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16 • CORNELIUS TODAY • August 2016

Jane Campbell takes on Republican for seat in NC House time and the opportunity to work together. The current legislative process does not seem to offer such opportunities, and the people of North Carolina deserve better,” she said. Cornelius Today asked Campbell a wide range of questions:

HB2 backers say the Charlotte ordinance went too far, unnecessarily. What do you think?

Jane Campbell is running for a seat in the NC House of Representatives

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She has thrown her hat in the ring and will run against John Bradford for the seat in the NC House of Representatives held by former Cornelius residents Thom Tillis and John Rhodes. She will run in November as an independent, having gotten considerably more than

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Campbell: The Charlotte ordinance was discussed over a period of years. It was originally voted down by the Charlotte City Council in March 2015. In November 2015, the citizens of Charlotte elected a new mayor and new members of the city council—all of whom let their constituents know where they stood on this issue during their campaigns. In February 2016, those new members enough signatures on a petition as required of the City Council and the new mayor by the Mecklenburg County Board of Elec- voted for expanding Charlotte’s nondiscrimination policy. tions. Eight days before Charlotte’s policy She is a Democrat and expects to receive would have gone into effect, the Repubsupport from the local Democratic Party. “I spent half of my life serving our na- lican leadership called a special session tion in uniform, retiring to North Carolina of the NCGA. They passed HB2 and where my Mom was born and raised and made it law in less than 12 hours. At the very minimum, the where I went to college. legislature could I believe that running The legislature have considered the for the N.C. House will matter over a period give me the opportunity stripped rights from of days vs. hours. to continue to serve – I think it is worth this time serving the citevery city, town noting that John izens of the 98th District Bradford respondas their public servant and municipality ed to your question in Raleigh,” Campbell, a on HB2 by saying, Davidson resident, said. in North Carolina... ‘Compromise is alShe grew up literways possible as I believe it is very ally around the globe— long as reasonable Louisiana, Germany, people work togethclear who went too Colorado, South Korea, er.’ Sure seems like Maryland, Florida—in the 12-hour window far with HB2. an Army family. Her fahe and others used ther was a master para—Jane Campbell to rush through chutist and a Green BeHB2 didn’t afford ret medical aidesman. much time to ‘work together’ at all. Her mother, who was born and raised in Last, but certainly not least, none of Kannapolis, was a stay-at-home mom who raised three children and became church the other pieces of HB2 had anything to financial secretary when they were grown. do with the Charlotte ordinance. MiniCampbell, a 1987 Davidson College grad- mum wages didn’t have anything to do uate, went on to get a master’s degree in with the Charlotte ordinance. Workers’ National Strategic Studies from the Nation- rights to sue in state courts didn’t have al War College. Indeed, Campbell says her anything to do with the Charlotte ordiNaval career is good preparation for work- nance. The legislature stripped rights from every city, town and municipality ing in the NC House. She said legislators in Raleigh must ap- in North Carolina. This hardly seems to proach important matters in a bi-partisan be focused on the Charlotte ordinance. fashion. “Reasonable people from both sides of the political aisle must be given the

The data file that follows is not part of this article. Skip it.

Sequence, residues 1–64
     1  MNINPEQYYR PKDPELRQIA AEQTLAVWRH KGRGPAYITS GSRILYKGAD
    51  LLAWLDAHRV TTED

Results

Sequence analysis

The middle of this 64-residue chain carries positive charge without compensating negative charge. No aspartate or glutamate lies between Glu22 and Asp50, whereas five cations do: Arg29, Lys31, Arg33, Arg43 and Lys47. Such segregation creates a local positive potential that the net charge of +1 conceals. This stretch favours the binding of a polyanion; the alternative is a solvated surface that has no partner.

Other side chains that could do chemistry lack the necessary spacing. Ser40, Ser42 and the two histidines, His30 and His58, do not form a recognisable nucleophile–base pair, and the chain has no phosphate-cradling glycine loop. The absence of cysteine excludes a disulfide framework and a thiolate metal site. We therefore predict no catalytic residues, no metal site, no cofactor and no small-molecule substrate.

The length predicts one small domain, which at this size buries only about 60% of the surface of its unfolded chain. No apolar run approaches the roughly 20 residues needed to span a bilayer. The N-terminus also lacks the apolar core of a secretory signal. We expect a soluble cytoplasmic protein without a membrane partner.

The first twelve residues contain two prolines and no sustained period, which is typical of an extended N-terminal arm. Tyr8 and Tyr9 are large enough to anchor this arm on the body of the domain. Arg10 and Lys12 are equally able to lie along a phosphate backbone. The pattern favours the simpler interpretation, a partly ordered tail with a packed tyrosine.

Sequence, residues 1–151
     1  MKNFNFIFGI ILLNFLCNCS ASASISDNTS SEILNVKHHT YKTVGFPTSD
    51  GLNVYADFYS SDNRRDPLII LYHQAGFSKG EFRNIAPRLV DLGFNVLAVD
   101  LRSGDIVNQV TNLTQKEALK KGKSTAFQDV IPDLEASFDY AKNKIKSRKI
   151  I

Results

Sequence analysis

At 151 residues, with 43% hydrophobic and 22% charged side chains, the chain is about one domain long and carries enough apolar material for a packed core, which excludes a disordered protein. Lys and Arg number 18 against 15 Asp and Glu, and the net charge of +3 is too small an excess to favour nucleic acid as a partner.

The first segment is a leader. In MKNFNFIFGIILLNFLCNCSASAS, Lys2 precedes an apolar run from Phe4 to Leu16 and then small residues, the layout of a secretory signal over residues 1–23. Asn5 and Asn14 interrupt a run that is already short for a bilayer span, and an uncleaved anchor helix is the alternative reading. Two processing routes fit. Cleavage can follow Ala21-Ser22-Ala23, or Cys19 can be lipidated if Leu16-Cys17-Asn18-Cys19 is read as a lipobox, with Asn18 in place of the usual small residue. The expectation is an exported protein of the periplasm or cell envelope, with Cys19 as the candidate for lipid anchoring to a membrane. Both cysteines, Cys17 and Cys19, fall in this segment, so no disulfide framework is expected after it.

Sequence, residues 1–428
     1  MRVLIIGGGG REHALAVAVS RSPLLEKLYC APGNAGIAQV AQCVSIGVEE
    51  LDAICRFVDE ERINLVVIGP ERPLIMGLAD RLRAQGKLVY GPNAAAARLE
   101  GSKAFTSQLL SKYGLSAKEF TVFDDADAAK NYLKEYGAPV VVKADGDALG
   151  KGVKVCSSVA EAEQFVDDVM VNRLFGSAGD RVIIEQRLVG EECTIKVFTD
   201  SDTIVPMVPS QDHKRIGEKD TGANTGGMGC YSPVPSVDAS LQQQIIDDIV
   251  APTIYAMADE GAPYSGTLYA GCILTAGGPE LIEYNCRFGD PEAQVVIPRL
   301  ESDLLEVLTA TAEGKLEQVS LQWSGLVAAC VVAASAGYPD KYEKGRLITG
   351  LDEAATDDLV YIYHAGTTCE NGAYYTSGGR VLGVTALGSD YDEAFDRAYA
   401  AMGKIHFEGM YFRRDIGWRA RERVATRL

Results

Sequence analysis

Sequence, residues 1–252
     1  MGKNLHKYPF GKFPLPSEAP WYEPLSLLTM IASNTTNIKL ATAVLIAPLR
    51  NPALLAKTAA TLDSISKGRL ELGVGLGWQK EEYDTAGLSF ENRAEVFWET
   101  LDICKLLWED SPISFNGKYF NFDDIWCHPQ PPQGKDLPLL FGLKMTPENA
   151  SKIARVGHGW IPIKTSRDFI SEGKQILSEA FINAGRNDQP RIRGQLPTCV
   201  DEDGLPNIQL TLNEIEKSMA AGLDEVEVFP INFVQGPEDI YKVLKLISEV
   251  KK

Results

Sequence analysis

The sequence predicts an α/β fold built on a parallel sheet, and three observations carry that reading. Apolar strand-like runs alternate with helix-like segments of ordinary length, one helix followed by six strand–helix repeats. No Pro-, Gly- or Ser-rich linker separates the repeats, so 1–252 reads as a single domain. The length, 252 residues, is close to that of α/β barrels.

continued on page 17


CORNELIUS TODAY • August 2016 • 17 continued from page 16

happening in 2016. Why should we think that we can make 50-year decithat will still be in effect in 2066? Besides HB2, what’s Job 1, 2 and 3? sions The decision is even more dramatic Campbell: Education—I believe that way to think about it is to realize that every child in North Carolina deserves Lake Norman just turned 50 in 2013. a world-class education. Fifty years ago, my Creating jobs relatives were some and growing the I believe that the of the first folks who economy, which leased a lot on the includes underrecent legislative lake for $10 a month. standing all the Lastly, I hope we implications of legactions by the all have the opporislative decisions. tunity to have John Regional infraNCGA have shown Bradford explain his str ucture—the votes as a CorneI-77 toll lanes situthe citizens of lius Town Commisation is one of a in support of North Carolina how sioner number of signifithe project, only to cant infrastructure change his mind and important local and issues that must now be against it. be addressed in a Q. How much do state races are. well-researched & you have in your deliberative procampaign warchest/ —Jane Campbell cess. what is your goal? Q. How about HB Bradford: As our second quarter filing reports high972? Campbell: I believe that one of the light, we raised more than $13,000. At reasons that imagery from body-worn the present time, all of our donations and dashboard cameras is important have come from individuals. In 2014, is because it can provide context to the two candidates for this office colthe often-complicated circumstances lectively raised more than $500,000, surrounding events that we often see several experts have suggested that via a bystander’s cell phone video. I we can expect this year to be even think increased access to such videos more expensive. will build on the important confidence Q. How will you raise money for we have in our law enforcement offiyour campaign? cers and in the law enforcement comCampbell: We are seeking individual munity. donations, and folks can donate on Q. Are there any other reasons why our web site: www.janecampbellfornchouse.com Currently, all of our doyou are running? Campbell: I believe in our coun- nations have been from individuals. I try and in the great state of North also believe that some Political Action Carolina. I believe in the democratic Committees will potentially donate to process, and an inherent part of our our campaign. democracy is having more than one Q. Will you have to raise more as an name on the ballot. Without competiunaffiliated? tion on the ballot, we don’t have an opCampbell: I don’t think my status as portunity to hold our elected officials an unaffiliated candidate will have an accountable. I also believe that I am in impact on the cost of the campaign. a unique position as a retired military officer to not have competing financial Q. How do you feel about the upinterests as I take on my candidacy. coming elections (on a state level) I believe it is very clear who went too far with HB2.